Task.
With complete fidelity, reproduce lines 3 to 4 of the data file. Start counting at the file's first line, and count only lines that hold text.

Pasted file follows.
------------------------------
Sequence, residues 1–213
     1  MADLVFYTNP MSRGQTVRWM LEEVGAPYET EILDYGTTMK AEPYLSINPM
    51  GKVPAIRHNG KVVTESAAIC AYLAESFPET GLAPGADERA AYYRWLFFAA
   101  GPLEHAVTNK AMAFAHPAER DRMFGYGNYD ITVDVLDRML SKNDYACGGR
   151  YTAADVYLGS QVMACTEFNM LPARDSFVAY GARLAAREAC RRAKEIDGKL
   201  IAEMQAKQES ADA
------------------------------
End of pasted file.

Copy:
    51  GKVPAIRHNG KVVTESAAIC AYLAESFPET GLAPGADERA AYYRWLFFAA
   101  GPLEHAVTNK AMAFAHPAER DRMFGYGNYD ITVDVLDRML SKNDYACGGR